Since so many of the Maltese issues are due to their tiny size, a Shiba Inu Maltese Mix will likely be spared some of these issues. However, the prevalence of eye problems in both breeds means that it may become a problem for Shiba Inu Maltese Mixes.
It’s worth noting that genetic health problems are a little bit like the lottery, and this is especially so with mixed breeds.
While some Shiba Inu Maltese Mix puppies will grow up to be totally healthy and will never suffer the issues common in either parent breed, some puppies may suffer from a variety of health issues found in both Shibas and Malteses’.
The best predictor of overall health is the health of the individual parents, and mixing the two breeds together is no guarantee of a healthier dog.
The kind of person who chooses a Shiba Inu as a pet and the type of person who chooses a Maltese are likely to be very different.
Shiba Inus are highly prized and beloved for their peculiar temperaments, physical beauty, intense devotion, and standoffish natures. Contrarily, Maltese are cherished for their loving dispositions and tiny size.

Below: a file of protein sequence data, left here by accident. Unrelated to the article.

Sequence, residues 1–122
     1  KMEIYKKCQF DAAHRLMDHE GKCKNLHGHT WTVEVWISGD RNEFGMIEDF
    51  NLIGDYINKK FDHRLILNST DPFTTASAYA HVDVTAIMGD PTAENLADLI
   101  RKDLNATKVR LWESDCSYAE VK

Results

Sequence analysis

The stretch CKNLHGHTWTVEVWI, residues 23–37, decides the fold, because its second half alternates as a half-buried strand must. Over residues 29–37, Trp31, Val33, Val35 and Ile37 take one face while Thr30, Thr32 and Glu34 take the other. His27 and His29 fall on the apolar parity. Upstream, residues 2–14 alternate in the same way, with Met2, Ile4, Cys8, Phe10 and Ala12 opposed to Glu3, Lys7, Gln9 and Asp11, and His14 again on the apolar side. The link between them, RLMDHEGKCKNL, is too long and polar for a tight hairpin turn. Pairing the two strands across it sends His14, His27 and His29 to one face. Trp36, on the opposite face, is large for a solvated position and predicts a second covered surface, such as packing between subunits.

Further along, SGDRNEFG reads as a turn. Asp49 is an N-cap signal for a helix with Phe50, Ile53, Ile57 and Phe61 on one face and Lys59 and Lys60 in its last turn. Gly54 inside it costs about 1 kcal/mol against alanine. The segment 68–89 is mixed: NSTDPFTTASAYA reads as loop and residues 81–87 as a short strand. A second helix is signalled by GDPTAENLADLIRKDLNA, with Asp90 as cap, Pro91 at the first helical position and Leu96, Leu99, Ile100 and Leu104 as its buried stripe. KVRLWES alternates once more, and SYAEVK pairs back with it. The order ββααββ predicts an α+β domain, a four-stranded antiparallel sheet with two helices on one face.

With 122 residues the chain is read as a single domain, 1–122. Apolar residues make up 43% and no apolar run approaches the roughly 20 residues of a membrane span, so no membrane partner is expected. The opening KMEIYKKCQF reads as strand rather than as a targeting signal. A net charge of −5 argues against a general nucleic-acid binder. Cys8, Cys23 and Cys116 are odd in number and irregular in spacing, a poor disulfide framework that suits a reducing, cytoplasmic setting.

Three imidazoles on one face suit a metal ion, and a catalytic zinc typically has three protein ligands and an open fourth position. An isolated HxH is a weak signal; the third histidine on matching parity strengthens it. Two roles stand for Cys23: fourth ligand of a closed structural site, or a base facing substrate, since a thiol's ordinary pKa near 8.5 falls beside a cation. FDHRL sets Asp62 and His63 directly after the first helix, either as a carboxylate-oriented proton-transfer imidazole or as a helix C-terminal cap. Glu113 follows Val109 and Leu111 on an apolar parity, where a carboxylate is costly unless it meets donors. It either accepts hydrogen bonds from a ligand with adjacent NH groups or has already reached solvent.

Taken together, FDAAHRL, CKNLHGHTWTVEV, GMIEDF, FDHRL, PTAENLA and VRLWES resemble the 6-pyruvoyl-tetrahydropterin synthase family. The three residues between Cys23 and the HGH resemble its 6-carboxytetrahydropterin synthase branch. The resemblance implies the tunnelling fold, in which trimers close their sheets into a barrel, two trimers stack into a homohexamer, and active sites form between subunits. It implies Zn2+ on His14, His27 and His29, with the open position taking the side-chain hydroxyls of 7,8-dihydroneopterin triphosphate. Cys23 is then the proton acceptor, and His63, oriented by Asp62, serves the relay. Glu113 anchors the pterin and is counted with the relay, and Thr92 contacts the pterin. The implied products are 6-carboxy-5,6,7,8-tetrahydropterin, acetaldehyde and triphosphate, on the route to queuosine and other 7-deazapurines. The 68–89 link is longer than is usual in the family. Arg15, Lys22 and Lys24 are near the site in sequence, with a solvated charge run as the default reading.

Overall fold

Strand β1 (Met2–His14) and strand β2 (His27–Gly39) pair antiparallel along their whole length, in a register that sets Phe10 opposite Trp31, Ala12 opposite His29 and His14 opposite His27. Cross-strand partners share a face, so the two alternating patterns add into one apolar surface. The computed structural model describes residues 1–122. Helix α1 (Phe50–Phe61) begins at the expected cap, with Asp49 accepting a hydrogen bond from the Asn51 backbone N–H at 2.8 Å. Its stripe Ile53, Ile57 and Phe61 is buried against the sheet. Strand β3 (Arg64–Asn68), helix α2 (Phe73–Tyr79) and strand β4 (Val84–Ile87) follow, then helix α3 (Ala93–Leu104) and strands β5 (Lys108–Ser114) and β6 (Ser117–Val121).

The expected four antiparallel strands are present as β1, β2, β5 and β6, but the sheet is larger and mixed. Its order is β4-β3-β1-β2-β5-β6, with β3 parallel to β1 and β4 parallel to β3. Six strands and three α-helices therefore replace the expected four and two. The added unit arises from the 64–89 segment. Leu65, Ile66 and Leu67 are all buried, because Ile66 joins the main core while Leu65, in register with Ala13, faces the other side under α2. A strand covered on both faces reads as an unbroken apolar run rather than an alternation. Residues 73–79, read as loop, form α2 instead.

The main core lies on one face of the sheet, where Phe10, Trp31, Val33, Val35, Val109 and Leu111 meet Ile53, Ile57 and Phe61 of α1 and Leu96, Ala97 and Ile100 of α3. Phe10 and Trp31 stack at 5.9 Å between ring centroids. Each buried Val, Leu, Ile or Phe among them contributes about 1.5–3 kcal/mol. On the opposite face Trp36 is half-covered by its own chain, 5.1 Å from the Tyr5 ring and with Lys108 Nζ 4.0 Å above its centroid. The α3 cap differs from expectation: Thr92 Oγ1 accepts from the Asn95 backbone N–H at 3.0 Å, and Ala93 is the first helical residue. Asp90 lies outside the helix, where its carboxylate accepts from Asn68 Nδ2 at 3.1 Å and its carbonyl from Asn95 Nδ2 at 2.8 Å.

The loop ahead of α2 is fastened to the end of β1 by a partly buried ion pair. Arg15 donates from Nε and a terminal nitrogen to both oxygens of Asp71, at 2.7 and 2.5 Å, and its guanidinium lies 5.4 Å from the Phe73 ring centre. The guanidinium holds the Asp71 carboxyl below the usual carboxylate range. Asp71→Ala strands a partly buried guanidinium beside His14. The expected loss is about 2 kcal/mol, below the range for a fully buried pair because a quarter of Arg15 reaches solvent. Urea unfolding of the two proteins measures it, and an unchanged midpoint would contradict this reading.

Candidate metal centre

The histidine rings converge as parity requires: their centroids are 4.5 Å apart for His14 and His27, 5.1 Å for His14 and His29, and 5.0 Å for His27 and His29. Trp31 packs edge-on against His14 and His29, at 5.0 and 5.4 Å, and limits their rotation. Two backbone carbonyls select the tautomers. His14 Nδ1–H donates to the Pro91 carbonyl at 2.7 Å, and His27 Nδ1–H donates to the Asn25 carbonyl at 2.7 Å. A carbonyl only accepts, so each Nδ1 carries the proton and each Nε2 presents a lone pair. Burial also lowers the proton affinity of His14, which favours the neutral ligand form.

So, mixing the two breeds together doesn’t make much sense. If you want a snuggly dog that will get along with everyone and be indiscriminately loving, a Shiba isn’t the right choice for you – a Maltese would be better! On the other hand, if you want a dog that will be devoted to you yet independent and spunky, a Shiba would be a better option.
If you are looking for a breed that falls somewhere in the middle, there are tons of breeds to choose from! Diluting the spunk of the Shiba by adding Maltese genes is the wrong way to go about it, just as making a Maltese larger and more colorful by adding a Shiba Inu seems a little silly.
Shiba Inus and Maltese are so different and special in their own ways. It’s better to appreciate the two breeds separately, as they have both been created over hundreds if not thousands of years to be exactly who they are.